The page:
Summary: Use Windows PowerShell to document your Exchange Server 2003 environment before you upgrade to a newer version of Exchange Server.
Hey, Scripting Guy! How can I use Windows PowerShell to help me prepare for a Microsoft Exchange Server migration?
Hello BN, Microsoft Scripting Guy, Ed Wilson, here.
Today we will take a break from WMI, and answer your question. In addition, we will invite a guest blogger to answer you.
Nicolas Blank is our guest blogger today. Nicolas has over 14 years working on various versions of Exchange Server. He is a messaging architect, and he specializes in consulting and building on premise- and cloud-based Exchange Server messaging systems and the interoperations with various vendor ecosystems. Nicolas currently holds the status of Microsoft Certified Master (MCM) for Exchange Server 2010, and he has been a Microsoft Most Valuable Professional (MVP) for Exchange Server since March 2007. Nicolas writes regularly about Exchange Server and messaging topics, and he maintains a technology-based blog at blankmanblog.com. He also provides content for the IT Pro Africa itproafrica.com project, which is a project to assist in uplifting African-based IT Pros. With that, we will turn the keyboard over to Nicolas…
Understanding your environment before a migration is critical, three of the factors that can dramatically affect the speed and complexity of moving mailboxes are the location, size, and the number of items in the mailbox.
Exchange Server 2007 gave us an incredibly luxurious reporting environment, starting with Get-ExchangeServer, Get-Mailbox, and Get-MailBoxStatistics. In my mind, these are the basic tenants of understanding a mailbox environment.
Let’s move back to Exchange Server 2003 or even Exchange Server 2000—yup! Exchange Server 2000. Both had rich Exchange reporting information built in; however, this information did not surface as easily as the access that we have to report data in Windows PowerShell today. So let’s go back in time to Exchange Server 2000 and see what options are available…
WMI was one of the information providers for instrumentation information for Exchange Server 2000 and Exchange Server 2003. However, it was clunky, exacting, and difficult to use for the basic VBScript scripter. When Windows PowerShell came along, the use of the Get-WMIObject cmdlet made life much easier because it silently absorbed most of the error handling, authentication, and reporting parts of WMI. Let’s have a look at how we can use the Get-WMIObject cmdlet to browse the Exchange Server 2000 WMI stack, and get an idea of what is available. The following command will show us the WMI objects that are available to interrogate.
Get-WMIObject -list -Namespace "root\cimv2\applications\exchange" –Computername red-mbx-2003
There’s no typo in the command line. I’m running this command against an Exchange Server 2003 server, which shipped with the same Exchange Server 2000 WMI namespace provider. Note that if I need to authenticate, I can do so by using the Credential parameter.
The output of this command quickly scrolls off our screens; however, the juicy bits we’re looking for are at the bottom as shown here.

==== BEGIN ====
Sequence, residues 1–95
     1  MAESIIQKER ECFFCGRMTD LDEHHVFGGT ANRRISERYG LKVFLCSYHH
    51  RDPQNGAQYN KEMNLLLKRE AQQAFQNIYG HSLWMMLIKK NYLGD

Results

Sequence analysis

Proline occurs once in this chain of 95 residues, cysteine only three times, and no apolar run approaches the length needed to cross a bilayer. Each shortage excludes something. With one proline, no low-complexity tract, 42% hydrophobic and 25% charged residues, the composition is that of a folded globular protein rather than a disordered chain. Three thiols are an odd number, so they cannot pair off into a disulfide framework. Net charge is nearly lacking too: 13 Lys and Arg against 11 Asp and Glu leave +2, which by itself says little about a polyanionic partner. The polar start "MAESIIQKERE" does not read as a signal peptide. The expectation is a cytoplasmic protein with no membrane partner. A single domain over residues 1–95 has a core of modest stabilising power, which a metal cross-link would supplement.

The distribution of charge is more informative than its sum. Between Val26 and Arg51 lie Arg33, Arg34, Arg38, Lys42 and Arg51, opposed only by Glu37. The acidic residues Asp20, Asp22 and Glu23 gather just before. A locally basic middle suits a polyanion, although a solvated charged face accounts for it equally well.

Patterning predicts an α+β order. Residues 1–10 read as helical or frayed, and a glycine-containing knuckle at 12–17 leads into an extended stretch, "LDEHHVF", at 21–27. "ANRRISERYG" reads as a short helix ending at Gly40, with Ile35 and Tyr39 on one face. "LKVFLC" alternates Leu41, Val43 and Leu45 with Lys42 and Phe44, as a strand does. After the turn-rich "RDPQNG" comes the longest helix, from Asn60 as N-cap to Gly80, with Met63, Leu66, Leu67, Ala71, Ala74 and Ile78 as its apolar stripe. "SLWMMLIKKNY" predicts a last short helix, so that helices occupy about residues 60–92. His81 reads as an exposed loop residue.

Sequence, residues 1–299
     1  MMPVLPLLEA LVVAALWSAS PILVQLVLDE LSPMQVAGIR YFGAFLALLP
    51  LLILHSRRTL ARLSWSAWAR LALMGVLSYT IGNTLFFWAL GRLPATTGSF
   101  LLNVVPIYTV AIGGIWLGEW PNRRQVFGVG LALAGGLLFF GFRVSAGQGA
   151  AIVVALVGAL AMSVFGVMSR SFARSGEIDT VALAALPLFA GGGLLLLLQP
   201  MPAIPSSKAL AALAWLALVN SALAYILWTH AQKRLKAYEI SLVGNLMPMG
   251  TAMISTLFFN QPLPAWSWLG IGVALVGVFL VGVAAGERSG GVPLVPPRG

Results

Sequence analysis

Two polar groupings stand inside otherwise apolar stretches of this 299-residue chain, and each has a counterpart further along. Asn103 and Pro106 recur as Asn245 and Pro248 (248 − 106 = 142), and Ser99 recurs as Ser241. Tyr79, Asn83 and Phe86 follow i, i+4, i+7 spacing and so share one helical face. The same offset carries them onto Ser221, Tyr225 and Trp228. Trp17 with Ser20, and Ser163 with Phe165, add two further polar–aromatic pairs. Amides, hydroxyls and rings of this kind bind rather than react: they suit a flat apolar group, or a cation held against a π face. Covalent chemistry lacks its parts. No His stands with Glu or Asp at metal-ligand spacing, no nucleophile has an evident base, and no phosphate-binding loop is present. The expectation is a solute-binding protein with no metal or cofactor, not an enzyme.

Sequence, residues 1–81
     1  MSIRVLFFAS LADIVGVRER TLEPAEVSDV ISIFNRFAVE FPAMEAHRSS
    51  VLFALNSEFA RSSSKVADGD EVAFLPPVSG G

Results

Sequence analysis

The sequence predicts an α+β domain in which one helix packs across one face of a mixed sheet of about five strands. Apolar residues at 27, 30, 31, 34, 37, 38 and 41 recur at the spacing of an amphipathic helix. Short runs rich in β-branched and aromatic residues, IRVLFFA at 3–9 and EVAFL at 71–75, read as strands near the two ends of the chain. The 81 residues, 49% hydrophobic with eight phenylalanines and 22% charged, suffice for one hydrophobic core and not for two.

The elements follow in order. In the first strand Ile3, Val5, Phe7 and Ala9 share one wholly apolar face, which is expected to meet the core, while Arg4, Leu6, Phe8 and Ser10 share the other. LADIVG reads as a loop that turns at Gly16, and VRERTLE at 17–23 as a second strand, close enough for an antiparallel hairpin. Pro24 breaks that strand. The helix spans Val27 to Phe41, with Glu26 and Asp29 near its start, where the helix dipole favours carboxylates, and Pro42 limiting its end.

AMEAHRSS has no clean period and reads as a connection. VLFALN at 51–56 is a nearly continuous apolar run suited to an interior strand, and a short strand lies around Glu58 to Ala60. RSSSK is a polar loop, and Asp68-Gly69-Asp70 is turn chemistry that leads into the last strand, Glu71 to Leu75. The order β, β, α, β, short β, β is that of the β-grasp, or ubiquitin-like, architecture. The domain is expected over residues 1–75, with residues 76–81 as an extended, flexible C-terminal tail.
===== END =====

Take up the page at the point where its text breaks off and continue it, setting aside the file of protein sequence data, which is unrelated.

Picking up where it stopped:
If only there was a way to understand the objects that are contained in this WMI object. Funny you should ask that, because Windows PowerShell has another built-in method to do exactly that: Get-Member.
With the following code, we are going choose one of the WMIObjects, specifically the ExchangeQueue object, and append Get-Member to our slightly modified previous command via a pipe.
Get-WMIObject ExchangeQueue -Namespace "root\cimv2\applications\exchange" –Computername red-mbx-2003 | Get-Member
The output from this command is shown here.
We can see a number of interesting properties for this object, which will give us a decent idea about what is contained in the Exchange Server 2000 queue engine.
Windows PowerShell is able to convert content on the fly to a required type. The next command will extract a number of useful properties and display them in a nicely formatted table.
Get-WMIObject –Class ExchangeQueue -Namespace "root\cimv2\applications\exchange" | Format-Table VirtualMachine, LinkName, QueueName, NumberofMessages
Notice that the Class parameter is a positional parameter—the first parameter in the list. This means that I can rewrite the previous command and skip the Class parameter. The revised command is shown here.
Get-WMIObject ExchangeQueue -Namespace "root\cimv2\applications\exchange" –ComputerName red-mbx-2003| Format-Table VirtualMachine, LinkName, QueueName, NumberofMessages
The output from this command is shown here.
The original aim of this article was to show how Windows PowerShell allows us to understand our legacy Exchange Server environment. So far, we have been able to browse the Exchange Server 2000 WMI name space, which is handy. Some objects, such as ExchangeQueue and ExchangeServerState, are quite interesting, but neither of them nor any of the other included objects yield any usable mailbox information.
Exchange Server 2003 shipped with an upgraded WMI provider. You may have guessed its name: Version 2. Once again, we are going to start by listing the available objects in the namespace with the command shown here.
Get-WMIObject -list -Namespace "root\microsoftexchangev2" –ComputerName Red-MBX-2003
Again, you will notice that the interesting bits are toward the bottom of our output, as seen in the following image.